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Estonian Railways Soap Opera Continues

Wanna buy a railroad?

Even though Baltic Rail Services (BRS) has finally thrown in the towel and said it wants to sell its majority stake (66%) in Estonian Railways, this hasnÂ’t stopped the soap opera.

On Tuesday, Estonian Economy and Communications Minister Edgar Savisaar said no private investor would be interested in the price BRS is demanding. “I think that BRS will have even more complicated negotiations with private investors and other interested parties than with the state, since I don’t know anyone among them who would be ready to pay such an oversized price that BRS demands at present,” Savisaar said. The minister has also said that he has met with many potential bidders and that they are concerned about the state’s position. Fair enough, but Mr. Savisaar’s unique position is quite interesting. He is meeting with buyers, speaking on behalf of the state, yet he is also a bidder for the BRS shares. This seems a rather interesting conflict of interest.

BRS has said five international investors beside the Estonian state have shown interest in purchasing the stake. Initially, BRS asked nearly 3 billion kroons for the 66% stake. Economy Ministry advisor Heido Vitsur has said the gap between the price the state would agree to pay and what BRS demands has decreased considerably. The ministry is not ready to pay more than 2.2 billion kroons while BRSÂ’s price tag starts from 2.6 billion.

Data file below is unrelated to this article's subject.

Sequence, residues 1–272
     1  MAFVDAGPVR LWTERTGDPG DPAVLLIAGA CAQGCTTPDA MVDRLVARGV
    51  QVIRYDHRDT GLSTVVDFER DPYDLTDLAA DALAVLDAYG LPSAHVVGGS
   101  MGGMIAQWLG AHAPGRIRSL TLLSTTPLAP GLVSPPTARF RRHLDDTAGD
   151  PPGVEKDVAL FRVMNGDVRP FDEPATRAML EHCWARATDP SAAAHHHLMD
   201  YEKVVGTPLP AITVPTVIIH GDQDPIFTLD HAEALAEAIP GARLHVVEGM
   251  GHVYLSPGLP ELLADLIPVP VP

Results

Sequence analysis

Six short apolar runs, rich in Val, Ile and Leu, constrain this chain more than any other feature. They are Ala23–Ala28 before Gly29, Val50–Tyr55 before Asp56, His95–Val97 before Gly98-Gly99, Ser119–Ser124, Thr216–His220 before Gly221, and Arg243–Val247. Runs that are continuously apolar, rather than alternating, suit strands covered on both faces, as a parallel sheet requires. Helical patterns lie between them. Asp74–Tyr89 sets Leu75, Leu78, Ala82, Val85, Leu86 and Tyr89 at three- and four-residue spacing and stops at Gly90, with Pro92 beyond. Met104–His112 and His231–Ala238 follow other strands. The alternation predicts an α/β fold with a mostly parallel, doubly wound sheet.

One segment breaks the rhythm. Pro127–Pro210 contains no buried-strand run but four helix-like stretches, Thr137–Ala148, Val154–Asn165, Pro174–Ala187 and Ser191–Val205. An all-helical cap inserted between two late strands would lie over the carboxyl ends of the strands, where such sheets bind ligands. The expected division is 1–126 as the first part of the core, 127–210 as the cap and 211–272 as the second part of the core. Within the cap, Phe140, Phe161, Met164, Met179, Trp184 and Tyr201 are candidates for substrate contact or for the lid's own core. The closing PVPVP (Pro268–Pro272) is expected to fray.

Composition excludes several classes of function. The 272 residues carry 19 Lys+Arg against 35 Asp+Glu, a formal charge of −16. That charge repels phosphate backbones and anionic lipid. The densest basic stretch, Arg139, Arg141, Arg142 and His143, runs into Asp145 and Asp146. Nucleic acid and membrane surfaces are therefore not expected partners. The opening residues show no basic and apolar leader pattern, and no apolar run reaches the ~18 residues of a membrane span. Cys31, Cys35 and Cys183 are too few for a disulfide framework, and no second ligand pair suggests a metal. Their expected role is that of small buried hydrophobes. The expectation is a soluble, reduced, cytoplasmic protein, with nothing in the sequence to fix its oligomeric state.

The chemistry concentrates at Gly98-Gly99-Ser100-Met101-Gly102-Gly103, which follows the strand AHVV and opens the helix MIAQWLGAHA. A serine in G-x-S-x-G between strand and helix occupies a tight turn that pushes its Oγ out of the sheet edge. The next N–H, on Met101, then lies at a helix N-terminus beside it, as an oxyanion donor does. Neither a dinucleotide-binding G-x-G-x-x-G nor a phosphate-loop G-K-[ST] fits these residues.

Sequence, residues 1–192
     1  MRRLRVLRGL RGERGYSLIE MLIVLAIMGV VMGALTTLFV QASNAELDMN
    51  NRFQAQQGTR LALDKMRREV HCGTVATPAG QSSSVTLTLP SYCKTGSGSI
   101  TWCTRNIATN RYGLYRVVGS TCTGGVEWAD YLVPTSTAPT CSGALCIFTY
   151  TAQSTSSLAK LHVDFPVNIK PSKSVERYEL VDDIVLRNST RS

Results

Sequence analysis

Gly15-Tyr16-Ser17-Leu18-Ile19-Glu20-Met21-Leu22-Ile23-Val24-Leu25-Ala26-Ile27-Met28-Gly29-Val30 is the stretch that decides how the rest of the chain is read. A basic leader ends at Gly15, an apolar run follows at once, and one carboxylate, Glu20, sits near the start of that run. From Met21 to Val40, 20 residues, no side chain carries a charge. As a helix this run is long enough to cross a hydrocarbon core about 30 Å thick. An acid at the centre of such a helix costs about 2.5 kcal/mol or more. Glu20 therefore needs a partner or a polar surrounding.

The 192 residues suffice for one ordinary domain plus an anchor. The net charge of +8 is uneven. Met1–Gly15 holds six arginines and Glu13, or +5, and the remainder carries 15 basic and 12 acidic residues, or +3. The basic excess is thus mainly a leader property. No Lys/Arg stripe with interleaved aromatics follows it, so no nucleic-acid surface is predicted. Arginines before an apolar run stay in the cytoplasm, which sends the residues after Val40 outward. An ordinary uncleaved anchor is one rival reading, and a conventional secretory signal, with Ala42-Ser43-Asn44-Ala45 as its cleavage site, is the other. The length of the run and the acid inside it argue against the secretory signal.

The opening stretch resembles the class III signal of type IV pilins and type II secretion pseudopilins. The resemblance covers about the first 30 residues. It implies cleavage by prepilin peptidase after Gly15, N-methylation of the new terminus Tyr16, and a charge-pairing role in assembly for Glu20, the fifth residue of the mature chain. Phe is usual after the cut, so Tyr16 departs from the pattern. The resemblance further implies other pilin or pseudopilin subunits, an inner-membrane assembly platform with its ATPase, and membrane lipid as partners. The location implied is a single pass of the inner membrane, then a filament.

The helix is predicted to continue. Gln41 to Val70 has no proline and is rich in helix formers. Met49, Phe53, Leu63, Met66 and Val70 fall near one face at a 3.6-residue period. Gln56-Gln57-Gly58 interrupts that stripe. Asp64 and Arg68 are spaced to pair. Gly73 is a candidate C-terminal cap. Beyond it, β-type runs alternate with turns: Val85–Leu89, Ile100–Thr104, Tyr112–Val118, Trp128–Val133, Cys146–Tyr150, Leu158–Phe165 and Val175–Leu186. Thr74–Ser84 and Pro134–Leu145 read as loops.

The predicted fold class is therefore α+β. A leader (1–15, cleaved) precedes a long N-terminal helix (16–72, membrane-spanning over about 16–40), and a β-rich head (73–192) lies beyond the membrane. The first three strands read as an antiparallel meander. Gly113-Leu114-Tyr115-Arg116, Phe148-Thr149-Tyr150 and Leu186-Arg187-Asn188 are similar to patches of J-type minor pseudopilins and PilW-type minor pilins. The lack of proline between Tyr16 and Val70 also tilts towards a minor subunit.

BRS announced last week that it has severed the letter of intentions agreement with the state for selling the stake, since the state exceeded the deadline for making decisions. According to the letter of intent, the state was supposed to decide before February 3rd whether it wished to buy BRSÂ’s stake, though this does not rule out the possibility that the state could still purchase the railway.

BRS last week that five different international investors have confirmed interest in buying their 66% stake. Who are the possible five? RussiaÂ’s Spacecom says it isnÂ’t one. Estonian newspapers reported last week that Russian capital-based Estonian railway operator Spacecom manager Oleg Ossinovski confirmed that none of the Russian Severstaltrans concern companies are interested. Ossinovski said it is unlikely any company would want to be strategic investor in Estonian Railways since the new investor would immediately meet the same problems.

Jüri Käo, representative of Ganiger Invest, which owns a third of BRS, has hinted earlier that there is a long row of potential buyers of the stake in Eesti Raudtee. Käo has said that the state is one of the least likely buyers.

City Paper wishes the new buyer luck, whoever he may be. As the Estonian expression goes, jõudu tööle or roughly “strength for your work.” The new buyer is going to need all the strength he can get.